So for almost anyone, 650w is more than enough even for high end systems, and if you want to SLI high end cards, then 850W is advisable.
    More than that is overkill in almost all cases, in my (somewhat informed) opinion.

    Having a good quality PSU is a lot more important than having more than 850W. And quality PSUs with more power tend to be a lot more expensive than a very good 850w one, from my experience.
    Reply
  • Aris_Mp
    you are right about the MOV, however personally I prefer a PSU featuring a MOV along with a UPS and a surge arrester combination. Moreover, for users that don't use surge arresters etc a MOV can save their systems besides the PSU and this is why it must be used always.
    Reply
  • jonnyguru
    19365339 said:
    All I want to know is...Tier 1, Tier 2, Tier 3 or Tier 4?

    If that's not a joke, then you sir do not need to be here... let alone building PCs.
    Reply
  • anbello262
    19369895 said:
    19365339 said:
    All I want to know is...Tier 1, Tier 2, Tier 3 or Tier 4?

    If that's not a joke, then you sir do not need to be here... let alone building PCs.

    Actually, having the PSUs ordered in quality tiers is a very handy way to recommend PSUs, and therefore, for the people who are not so technically proficient with the electronics inside a PSU and specific meanings of the tests, knowing if this is a "Great, good or garbage" PSU is the only important part.

    Yes, there is more information to be had by reading the whole review, but only for those who understand it (which is by no means necessary, in order to be a very good system builder). Having a qualified person tell you "this is a safe and recommended unit for system builders / this is good enough for the price / don't buy this!" is extremely useful for the whole community.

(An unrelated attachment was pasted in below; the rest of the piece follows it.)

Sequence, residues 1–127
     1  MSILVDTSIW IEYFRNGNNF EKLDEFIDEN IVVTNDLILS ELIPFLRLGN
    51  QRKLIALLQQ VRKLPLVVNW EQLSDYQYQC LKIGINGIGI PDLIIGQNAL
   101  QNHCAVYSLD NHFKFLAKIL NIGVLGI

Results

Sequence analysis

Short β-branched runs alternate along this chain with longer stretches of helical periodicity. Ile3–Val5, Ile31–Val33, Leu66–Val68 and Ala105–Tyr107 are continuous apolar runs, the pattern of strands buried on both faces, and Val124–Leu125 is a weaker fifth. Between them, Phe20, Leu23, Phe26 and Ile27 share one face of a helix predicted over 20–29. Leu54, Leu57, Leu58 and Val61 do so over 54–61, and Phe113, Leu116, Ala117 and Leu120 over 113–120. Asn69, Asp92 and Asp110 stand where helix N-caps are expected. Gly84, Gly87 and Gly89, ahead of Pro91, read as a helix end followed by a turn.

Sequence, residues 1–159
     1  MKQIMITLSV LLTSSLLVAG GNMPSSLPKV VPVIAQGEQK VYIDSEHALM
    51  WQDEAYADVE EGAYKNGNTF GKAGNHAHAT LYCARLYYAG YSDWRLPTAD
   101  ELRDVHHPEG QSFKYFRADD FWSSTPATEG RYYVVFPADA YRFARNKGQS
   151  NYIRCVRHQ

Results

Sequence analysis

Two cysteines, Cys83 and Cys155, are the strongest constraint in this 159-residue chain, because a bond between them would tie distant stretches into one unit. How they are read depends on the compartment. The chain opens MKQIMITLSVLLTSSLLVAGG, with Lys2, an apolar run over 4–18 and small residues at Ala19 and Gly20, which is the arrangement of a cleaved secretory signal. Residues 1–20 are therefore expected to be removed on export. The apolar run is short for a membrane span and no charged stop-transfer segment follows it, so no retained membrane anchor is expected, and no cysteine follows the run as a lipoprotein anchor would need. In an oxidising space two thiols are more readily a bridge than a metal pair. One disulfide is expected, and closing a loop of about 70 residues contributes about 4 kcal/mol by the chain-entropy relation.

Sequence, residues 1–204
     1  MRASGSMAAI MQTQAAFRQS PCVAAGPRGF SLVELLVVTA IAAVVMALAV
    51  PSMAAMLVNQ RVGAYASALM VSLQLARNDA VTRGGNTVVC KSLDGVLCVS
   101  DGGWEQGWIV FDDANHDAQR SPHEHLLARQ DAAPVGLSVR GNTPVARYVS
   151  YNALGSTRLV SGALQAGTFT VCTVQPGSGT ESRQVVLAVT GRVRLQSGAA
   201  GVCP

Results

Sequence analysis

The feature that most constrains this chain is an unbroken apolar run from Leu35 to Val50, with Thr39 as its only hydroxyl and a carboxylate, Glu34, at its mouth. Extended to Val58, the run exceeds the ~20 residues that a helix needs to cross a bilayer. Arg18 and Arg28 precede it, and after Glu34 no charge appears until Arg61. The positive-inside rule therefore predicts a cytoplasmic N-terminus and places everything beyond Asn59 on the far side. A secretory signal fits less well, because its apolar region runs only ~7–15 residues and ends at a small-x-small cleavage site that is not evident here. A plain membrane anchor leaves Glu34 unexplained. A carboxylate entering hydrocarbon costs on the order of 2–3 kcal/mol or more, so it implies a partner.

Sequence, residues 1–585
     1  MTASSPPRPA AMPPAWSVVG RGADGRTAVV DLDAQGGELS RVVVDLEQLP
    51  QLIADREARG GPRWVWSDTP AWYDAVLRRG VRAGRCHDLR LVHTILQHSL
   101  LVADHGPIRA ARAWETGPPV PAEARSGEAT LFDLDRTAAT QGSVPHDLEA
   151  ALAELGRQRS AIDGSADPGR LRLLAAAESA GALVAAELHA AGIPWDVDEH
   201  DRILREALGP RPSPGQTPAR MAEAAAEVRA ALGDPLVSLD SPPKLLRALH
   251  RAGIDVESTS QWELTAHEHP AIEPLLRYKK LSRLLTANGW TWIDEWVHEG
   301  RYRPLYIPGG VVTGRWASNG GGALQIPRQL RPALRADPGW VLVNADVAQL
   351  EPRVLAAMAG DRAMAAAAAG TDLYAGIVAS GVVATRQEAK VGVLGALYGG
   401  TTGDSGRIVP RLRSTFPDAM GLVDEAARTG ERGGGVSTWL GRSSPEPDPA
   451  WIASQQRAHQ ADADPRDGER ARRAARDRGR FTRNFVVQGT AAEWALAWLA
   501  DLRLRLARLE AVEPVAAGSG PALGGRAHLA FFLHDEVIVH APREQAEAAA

Reply
  • Robert Cook
    If nothing else it is more competition, and a pretty promising start at that.
    A solid review.
    <Rant>
    Now on other news, PLEASE stop those damn auto play videos embedded in articles! My main system might be fine with them, but my laptop is from 2009, and it was not high spec even then. These videos are a major drain, and now there are ads before hand which means I cannot even hit the X option until the ad has played. (So I am loading free ad revenue for you at the cost of my precious little RAM.)

    Annoying clickbait is one thing, I can scroll past it, but these auto play ads/videos follow me down the page... :(

    I have been a member here for over two years and I am by no means going to stop, but I would like to be able to read articles (especially well done articles on this site) with out having great difficulty even scrolling down a page.
    </Rant>
    Reply
  • Robert Cook
    Also I do not even use adblock so you are already getting ad revenue. (I respect your right to advertise, but force playing a video and then adding ads seems a bit over blown.)
    Reply